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WAITING FOR SAINT MARTINO…

04.04.2017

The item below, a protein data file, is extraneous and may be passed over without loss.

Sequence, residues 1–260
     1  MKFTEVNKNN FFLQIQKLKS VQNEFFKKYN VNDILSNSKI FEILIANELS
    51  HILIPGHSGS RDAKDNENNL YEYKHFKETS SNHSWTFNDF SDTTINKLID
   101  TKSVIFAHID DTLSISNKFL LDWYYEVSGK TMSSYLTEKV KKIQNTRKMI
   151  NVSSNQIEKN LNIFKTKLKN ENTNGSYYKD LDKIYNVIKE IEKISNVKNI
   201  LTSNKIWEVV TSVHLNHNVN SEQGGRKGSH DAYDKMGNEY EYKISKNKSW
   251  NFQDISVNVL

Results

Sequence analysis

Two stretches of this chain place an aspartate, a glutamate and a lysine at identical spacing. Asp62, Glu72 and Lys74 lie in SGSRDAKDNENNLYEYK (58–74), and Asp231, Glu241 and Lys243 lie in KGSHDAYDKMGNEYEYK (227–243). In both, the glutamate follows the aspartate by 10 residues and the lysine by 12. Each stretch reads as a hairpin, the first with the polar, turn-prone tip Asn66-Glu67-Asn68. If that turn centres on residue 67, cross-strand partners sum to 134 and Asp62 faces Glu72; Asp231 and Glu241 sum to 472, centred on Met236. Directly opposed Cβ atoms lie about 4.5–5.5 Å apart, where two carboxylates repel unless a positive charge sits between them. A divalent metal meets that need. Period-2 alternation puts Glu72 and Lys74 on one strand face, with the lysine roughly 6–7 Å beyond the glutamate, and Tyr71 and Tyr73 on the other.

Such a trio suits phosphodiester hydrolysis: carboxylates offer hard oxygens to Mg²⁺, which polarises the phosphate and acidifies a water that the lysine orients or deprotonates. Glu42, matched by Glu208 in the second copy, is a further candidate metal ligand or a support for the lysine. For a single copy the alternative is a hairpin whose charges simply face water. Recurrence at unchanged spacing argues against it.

QUANDO L'UOMO ERA BAMBINO.We don’t know if, after so many years, Luigi Rubino has a clear memory of the first time he set foot with his father onto the land of Jaddico. Like all children, he had yet to gain full knowledge of his future passions and aspirations. He couldn’t know that the person he’d become would be inseparable from this deep, sandy soil kissed by the sea. The same soil, that of the area lying just north of his hometown of Brindisi, his future self would touch, study, breathe in so many times, countless times, for the rest of his life. We can only begin to imagine. Maybe, just like today, spring came. The sun pressed its heat onto foreheads and necks. The Mediterranean scrubland woke up from the winter’s sleep in a purple explosion of bellflowers, flashes of luminous daisies. The wind, unfailingly, rustled through the blossoms, making them sing. And then, just like today, the vines had come to life, once again. Maybe Luigi, filled with a surprising new excitement, couldn’t help but let go of his father’s hand. And, maybe, as he watched this land renew itself under his very eyes, something moved in his imagination: what could become – he wondered – of this rich little corner of Salento, if it were to become his. And who knows if today, watching the yearly blossoming of Susumaniello, Salento’s most distinctive grape, Luigi feels drawn to remember that other day, when he first set foot on the land of Jaddico with his father. A father, Tommaso Rubino, who, having always dreamed of creating a winery able to fully express the great values of Salento’s winemaking tradition, could have not asked for a better son: Luigi’s tenacious determination to recover Susumaniello, an autochthonous cultivar that would now be practically extinct without Tenute Rubino, is the emblem of a dream fulfilled. But dreams become reality through the daily grind of work – passionate, almost religious, work. Work that ties days into years, work made of careful repetition of gestures, year after year, spring after spring, to bring the vineyards to life once again, so that they’ll bear fruit once again. Perfect young fruit, wonderful and full of promise, like a child.

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